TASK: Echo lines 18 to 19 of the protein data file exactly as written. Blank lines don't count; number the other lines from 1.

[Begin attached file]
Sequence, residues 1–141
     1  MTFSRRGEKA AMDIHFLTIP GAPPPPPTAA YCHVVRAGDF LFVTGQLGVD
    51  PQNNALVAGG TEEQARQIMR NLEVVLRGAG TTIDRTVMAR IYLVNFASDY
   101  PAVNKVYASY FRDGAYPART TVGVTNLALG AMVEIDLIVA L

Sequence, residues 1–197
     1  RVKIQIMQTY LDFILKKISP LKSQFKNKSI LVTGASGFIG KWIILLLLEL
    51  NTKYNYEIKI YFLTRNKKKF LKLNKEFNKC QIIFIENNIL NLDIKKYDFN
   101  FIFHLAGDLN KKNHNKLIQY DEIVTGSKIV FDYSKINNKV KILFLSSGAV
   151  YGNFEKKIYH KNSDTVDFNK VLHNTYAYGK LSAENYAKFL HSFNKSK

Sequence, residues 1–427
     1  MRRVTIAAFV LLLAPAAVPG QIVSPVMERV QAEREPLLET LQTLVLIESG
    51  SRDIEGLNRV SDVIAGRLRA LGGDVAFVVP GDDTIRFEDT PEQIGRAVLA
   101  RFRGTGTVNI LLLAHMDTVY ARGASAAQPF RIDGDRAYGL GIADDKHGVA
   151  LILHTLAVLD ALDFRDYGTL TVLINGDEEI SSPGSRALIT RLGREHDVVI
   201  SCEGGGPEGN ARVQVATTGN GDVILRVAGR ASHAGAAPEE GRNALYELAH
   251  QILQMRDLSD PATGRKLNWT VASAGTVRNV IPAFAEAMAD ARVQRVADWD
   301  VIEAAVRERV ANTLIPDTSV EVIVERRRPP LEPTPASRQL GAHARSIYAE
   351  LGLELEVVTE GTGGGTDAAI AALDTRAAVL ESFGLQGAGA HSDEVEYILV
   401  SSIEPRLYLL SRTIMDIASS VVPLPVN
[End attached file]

   351  LGLELEVVTE GTGGGTDAAI AALDTRAAVL ESFGLQGAGA HSDEVEYILV
   401  SSIEPRLYLL SRTIMDIASS VVPLPVN